Just as various antibiotics have different uses, the potential benefits of probiotics vary with the specific strain. This can make it challenging to stay informed about the best probiotics for pediatric health concerns.
Fortunately, certain probiotics have consistently performed well in helping support children’s health. Two of the most studied probiotics are the Lactobacillus rhamnosus GG (LGG) bacteria strain and the Saccharomyces boulardii yeast.
LGG and S. boulardii have been extensively evaluated for helping alleviate acute gastroenteritis and antibiotic-associated diarrhea in children. These probiotics are also being studied for other potential benefits.
Probiotic Considerations in Acute Gastroenteritis
It is estimated that young children experience 0.5 to 2 episodes of acute gastroenteritis per year. This can lead to diarrhea and sometimes vomiting and fever.
The most common causes of acute gastroenteritis are the rotavirus and norovirus infections. Medical intervention typically focuses on replacing lost fluids. Based on reviews of well-designed, randomized controlled trials, the European Society for Pediatric Gastroenterology, Hepatology, and Nutrition (ESPGHAN) recommends LGG and S. boulardii for acute gastroenteritis, along with rehydration therapy for previously healthy children. Studies suggest these probiotic strains may help reduce the duration of diarrhea by approximately one day.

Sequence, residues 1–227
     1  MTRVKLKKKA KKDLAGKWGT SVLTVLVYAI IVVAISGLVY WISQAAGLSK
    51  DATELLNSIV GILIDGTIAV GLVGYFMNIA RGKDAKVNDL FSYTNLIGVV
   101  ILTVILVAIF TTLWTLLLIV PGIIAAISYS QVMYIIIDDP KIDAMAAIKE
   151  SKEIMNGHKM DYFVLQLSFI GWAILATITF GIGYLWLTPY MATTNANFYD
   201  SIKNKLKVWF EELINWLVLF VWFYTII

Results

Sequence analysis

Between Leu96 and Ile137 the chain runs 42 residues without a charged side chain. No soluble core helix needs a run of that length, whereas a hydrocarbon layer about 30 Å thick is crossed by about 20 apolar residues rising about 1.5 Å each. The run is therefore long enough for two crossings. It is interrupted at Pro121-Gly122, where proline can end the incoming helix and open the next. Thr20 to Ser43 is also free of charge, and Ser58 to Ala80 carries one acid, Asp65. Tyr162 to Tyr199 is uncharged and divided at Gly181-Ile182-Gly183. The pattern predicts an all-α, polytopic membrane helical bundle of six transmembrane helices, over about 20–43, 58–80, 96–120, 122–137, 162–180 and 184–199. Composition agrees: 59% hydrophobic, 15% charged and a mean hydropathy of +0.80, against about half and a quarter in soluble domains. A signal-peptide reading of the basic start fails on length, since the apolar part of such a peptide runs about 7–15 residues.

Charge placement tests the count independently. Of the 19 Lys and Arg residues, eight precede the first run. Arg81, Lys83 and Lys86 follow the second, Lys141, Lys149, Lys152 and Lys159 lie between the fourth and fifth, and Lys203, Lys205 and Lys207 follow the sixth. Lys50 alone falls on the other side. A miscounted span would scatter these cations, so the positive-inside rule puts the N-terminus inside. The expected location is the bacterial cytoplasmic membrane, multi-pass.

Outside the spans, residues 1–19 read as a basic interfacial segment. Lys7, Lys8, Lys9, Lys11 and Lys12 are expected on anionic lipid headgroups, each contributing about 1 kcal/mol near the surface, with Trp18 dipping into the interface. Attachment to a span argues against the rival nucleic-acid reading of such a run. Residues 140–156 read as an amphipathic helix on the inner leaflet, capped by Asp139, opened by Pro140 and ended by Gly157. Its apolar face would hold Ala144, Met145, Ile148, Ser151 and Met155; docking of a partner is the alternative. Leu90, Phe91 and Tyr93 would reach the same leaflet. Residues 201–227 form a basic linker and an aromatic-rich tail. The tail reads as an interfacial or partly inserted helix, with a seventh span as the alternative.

Probiotic Considerations in Antibiotic-Associated Diarrhea
Another potential trigger of diarrhea in children is antibiotic use. Antibiotic-associated diarrhea may occur in 11% to 62% of children who take the medications.
Antibiotics can disturb the natural balance of the gut microbiota. This dysbiosis can enable undesirable microbes to multiply beyond their normal numbers and increase diarrheal risk. Microflora changes may also disrupt carbohydrate digestion and contribute to diarrhea.
The most recent Cochrane Collaboration systematic review on probiotics and pediatric antibiotic-associated diarrhea looked at 33 studies in children up to 17 years old. The review results indicated that 11% fewer children experienced diarrhea when probiotics were co-administered with antibiotics.
In addition, the Cochrane Collaboration concluded that LGG and S. boulardii appeared to be the most appropriate probiotics for helping to prevent antibiotic-associated diarrhea in children. For this pediatric health concern, the minimum effective probiotic dosage may be 5 billion CFUs per day.
Some human studies suggest that probiotics may be most effective for helping mitigate antibiotic-associated diarrhea when they are started close to the first antibiotic dose. To help minimize the risk of antibiotics killing supplemental probiotic bacteria, it is generally advised to space antibiotic and probiotic doses at least 2 hours apart.
Exploring Other Potential Probiotic Uses in Children
Acute ear infections and upper respiratory tract infections are also common childhood challenges. A few randomized controlled trials in children suggest that LGG may help reduce the incidence of these conditions.
Scientists are also investigating whether LGG may play a role in helping prevent food allergies and asthma. In addition, researchers are exploring the use of S. boulardii for helping to address gastrointestinal symptoms in children with parasitic protozoan infections. Preliminary human studies seem promising, but more research is needed in these areas.
By Marsha McCulloch, MS, RDN, LN